Action-packed at every turn, the story leaves enough unresolved to leave readers hungry for the continuation of the epic...

THE MAD WOLF'S DAUGHTER

In this fresh take on the chivalric romance, it’s wee lass Drest who becomes a legend as she journeys across 13th-century Scotland’s remote coastal headlands to rescue her da and brothers, the Mad Wolf and his band, from Faintree Castle.

As a bargaining chip, she brings a kind knight traitorously wounded and left for dead by his own men during the raid that took her family. During her six-day quest, Drest rushes headlong to right wrongs wherever she finds them, acquiring a faithful friend and the aid of a powerful witch, both of whom she saves from savage packs of ignorant townspeople. Drest also earns the respect of her captive. Her feats are marked with colorful insults, bruising fights, crashing swords, and daring escapes. Throughout, Drest is heartened by the imaginary presence of her brothers, whose voices she hears in her head, offering battle tips and a code of conduct. But she also learns hard truths about her family’s exploits which make her doubt them and question who she is at her core. Choosing her own code allows her to correct past mistakes and reveal a larger plot that hints at a sequel. While Drest’s literary antecedents are both many and clear, Magras develops her carefully, her ethical arc emerging naturally and believably. An author’s note orients readers to medieval Scotland and its mores.

Action-packed at every turn, the story leaves enough unresolved to leave readers hungry for the continuation of the epic adventure. (glossary) (Historical fiction. 8-12)

Pub Date: March 6, 2018

ISBN: 978-0-7352-2926-6

Page Count: 288

Publisher: Kathy Dawson/Penguin

Review Posted Online: Dec. 3, 2017

Kirkus Reviews Issue: Jan. 1, 2018

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Readers can still rely on this series to bring laughs.

WRECKING BALL

From the Diary of a Wimpy Kid series , Vol. 14

The Heffley family’s house undergoes a disastrous attempt at home improvement.

When Great Aunt Reba dies, she leaves some money to the family. Greg’s mom calls a family meeting to determine what to do with their share, proposing home improvements and then overruling the family’s cartoonish wish lists and instead pushing for an addition to the kitchen. Before bringing in the construction crew, the Heffleys attempt to do minor maintenance and repairs themselves—during which Greg fails at the work in various slapstick scenes. Once the professionals are brought in, the problems keep getting worse: angry neighbors, terrifying problems in walls, and—most serious—civil permitting issues that put the kibosh on what work’s been done. Left with only enough inheritance to patch and repair the exterior of the house—and with the school’s dismal standardized test scores as a final straw—Greg’s mom steers the family toward moving, opening up house-hunting and house-selling storylines (and devastating loyal Rowley, who doesn’t want to lose his best friend). While Greg’s positive about the move, he’s not completely uncaring about Rowley’s action. (And of course, Greg himself is not as unaffected as he wishes.) The gags include effectively placed callbacks to seemingly incidental events (the “stress lizard” brought in on testing day is particularly funny) and a lampoon of after-school-special–style problem books. Just when it seems that the Heffleys really will move, a new sequence of chaotic trouble and property destruction heralds a return to the status quo. Whew.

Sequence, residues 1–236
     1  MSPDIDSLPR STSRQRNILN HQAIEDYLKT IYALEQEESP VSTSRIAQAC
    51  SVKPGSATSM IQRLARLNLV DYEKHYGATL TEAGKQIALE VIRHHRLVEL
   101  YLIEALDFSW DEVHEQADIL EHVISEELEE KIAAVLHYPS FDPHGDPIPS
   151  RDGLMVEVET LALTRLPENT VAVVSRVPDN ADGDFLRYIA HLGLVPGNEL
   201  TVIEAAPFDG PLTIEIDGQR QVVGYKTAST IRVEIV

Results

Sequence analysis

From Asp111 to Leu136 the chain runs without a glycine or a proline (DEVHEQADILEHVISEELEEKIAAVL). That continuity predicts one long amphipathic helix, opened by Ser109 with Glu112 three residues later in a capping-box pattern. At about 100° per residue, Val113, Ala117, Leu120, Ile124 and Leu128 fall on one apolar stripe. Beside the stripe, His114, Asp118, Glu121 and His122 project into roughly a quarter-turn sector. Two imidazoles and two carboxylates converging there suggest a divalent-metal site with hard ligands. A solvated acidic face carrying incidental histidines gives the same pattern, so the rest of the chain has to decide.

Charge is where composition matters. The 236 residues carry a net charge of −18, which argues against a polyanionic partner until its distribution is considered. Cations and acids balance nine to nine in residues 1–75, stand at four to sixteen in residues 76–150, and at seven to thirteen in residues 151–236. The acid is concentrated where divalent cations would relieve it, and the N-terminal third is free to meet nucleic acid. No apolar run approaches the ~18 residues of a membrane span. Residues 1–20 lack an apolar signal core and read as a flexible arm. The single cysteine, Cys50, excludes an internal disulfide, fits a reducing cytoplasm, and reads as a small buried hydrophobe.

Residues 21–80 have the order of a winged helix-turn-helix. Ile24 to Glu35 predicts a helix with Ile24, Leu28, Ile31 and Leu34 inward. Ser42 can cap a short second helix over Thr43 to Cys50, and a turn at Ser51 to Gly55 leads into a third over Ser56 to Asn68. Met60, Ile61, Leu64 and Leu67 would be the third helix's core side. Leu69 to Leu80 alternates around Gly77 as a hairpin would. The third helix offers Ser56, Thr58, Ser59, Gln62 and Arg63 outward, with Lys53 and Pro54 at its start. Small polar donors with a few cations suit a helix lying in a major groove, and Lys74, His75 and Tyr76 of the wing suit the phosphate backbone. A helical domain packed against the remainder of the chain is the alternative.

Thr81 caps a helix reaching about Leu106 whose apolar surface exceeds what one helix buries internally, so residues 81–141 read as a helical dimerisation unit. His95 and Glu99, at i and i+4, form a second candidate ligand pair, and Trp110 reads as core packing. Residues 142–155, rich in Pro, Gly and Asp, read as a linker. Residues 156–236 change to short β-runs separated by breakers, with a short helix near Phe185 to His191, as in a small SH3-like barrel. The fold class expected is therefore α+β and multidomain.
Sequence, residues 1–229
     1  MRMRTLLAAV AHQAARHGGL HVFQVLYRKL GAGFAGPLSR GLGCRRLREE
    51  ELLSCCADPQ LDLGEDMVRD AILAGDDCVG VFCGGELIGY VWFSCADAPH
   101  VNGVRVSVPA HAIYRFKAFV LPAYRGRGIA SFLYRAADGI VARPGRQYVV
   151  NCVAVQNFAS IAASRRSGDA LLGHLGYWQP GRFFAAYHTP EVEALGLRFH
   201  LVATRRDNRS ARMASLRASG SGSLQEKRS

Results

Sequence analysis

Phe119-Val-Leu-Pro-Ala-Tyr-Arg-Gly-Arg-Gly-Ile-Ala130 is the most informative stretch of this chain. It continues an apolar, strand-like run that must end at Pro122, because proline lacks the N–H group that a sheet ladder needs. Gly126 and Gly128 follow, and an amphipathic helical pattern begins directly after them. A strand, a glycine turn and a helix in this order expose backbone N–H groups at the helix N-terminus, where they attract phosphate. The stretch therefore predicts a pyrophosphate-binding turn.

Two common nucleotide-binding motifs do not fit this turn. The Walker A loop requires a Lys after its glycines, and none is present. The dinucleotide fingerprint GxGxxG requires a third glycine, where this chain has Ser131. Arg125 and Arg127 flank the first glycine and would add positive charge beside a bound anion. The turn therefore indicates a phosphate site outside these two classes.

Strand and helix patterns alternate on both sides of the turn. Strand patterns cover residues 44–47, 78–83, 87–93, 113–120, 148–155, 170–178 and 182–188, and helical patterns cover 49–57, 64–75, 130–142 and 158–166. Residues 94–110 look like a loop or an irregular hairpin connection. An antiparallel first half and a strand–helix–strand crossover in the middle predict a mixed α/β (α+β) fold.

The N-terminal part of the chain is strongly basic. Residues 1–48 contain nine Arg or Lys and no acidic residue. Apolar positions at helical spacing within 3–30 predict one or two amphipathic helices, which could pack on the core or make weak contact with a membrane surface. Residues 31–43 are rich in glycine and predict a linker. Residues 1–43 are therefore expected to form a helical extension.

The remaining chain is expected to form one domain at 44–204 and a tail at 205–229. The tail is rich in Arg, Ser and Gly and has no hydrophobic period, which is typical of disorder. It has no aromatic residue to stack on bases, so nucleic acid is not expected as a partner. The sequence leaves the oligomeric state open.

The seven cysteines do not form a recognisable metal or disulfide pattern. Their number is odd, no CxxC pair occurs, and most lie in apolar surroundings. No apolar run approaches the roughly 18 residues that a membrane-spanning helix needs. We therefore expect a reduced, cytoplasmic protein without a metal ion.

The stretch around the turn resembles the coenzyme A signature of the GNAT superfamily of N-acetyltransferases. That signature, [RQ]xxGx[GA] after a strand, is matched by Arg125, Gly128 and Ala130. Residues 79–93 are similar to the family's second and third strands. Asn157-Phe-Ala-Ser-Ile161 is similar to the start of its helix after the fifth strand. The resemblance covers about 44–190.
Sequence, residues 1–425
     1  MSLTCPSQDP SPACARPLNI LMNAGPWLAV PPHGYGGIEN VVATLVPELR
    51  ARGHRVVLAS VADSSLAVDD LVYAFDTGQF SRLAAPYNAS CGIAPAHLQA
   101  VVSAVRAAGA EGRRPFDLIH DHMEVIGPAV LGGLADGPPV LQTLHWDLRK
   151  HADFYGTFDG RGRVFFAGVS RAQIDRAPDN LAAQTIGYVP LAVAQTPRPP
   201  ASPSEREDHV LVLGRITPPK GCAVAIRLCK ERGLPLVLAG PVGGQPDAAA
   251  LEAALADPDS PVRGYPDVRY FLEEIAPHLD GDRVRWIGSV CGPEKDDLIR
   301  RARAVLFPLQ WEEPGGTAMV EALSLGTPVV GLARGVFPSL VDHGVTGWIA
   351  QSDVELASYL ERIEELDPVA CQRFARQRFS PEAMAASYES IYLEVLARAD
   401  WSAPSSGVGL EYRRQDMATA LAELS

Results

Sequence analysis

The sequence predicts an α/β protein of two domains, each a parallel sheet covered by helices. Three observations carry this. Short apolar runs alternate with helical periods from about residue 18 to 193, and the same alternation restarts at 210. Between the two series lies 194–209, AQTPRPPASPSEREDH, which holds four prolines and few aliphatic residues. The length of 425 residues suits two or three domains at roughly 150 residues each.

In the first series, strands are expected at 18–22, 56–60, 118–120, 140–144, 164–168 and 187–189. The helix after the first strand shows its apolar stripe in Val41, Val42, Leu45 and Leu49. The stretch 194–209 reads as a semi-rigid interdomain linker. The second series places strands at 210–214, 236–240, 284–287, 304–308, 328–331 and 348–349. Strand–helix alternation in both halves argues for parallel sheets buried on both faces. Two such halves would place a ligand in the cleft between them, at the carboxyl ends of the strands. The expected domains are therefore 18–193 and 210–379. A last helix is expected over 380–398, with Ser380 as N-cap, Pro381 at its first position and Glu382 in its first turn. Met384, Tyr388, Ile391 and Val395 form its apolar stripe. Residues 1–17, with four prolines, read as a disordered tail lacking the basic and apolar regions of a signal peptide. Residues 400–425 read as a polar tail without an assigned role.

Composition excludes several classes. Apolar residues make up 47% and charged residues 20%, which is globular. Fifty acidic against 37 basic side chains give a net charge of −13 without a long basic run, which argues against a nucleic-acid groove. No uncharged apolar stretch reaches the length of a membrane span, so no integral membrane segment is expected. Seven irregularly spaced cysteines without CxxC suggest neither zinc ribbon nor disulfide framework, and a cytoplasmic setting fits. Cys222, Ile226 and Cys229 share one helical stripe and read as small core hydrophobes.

Readers can still rely on this series to bring laughs. (Graphic/fiction hybrid. 8-12)

Pub Date: Nov. 5, 2019

ISBN: 978-1-4197-3903-3

Page Count: 224

Publisher: Amulet/Abrams

Review Posted Online: Nov. 19, 2019

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Is this the end? Well, no…the series will stagger on through at least one more scheduled sequel.

CAPTAIN UNDERPANTS AND THE TERRIFYING RETURN OF TIPPY TINKLETROUSERS

From the Captain Underpants series , Vol. 9

Sure signs that the creative wells are running dry at last, the Captain’s ninth, overstuffed outing both recycles a villain (see Book 4) and offers trendy anti-bullying wish fulfillment.

Not that there aren’t pranks and envelope-pushing quips aplenty. To start, in an alternate ending to the previous episode, Principal Krupp ends up in prison (“…a lot like being a student at Jerome Horwitz Elementary School, except that the prison had better funding”). There, he witnesses fellow inmate Tippy Tinkletrousers (aka Professor Poopypants) escape in a giant Robo-Suit (later reduced to time-traveling trousers). The villain sets off after George and Harold, who are in juvie (“not much different from our old school…except that they have library books here.”). Cut to five years previous, in a prequel to the whole series. George and Harold link up in kindergarten to reduce a quartet of vicious bullies to giggling insanity with a relentless series of pranks involving shaving cream, spiders, effeminate spoof text messages and friendship bracelets. Pilkey tucks both topical jokes and bathroom humor into the cartoon art, and ups the narrative’s lexical ante with terms like “pharmaceuticals” and “theatrical flair.” Unfortunately, the bullies’ sad fates force Krupp to resign, so he’s not around to save the Earth from being destroyed later on by Talking Toilets and other invaders…

Is this the end? Well, no…the series will stagger on through at least one more scheduled sequel. (Fantasy. 10-12)

Pub Date: Aug. 28, 2012

ISBN: 978-0-545-17534-0

Page Count: 304

Publisher: Scholastic

Review Posted Online: June 20, 2012

Kirkus Reviews Issue: July 15, 2012

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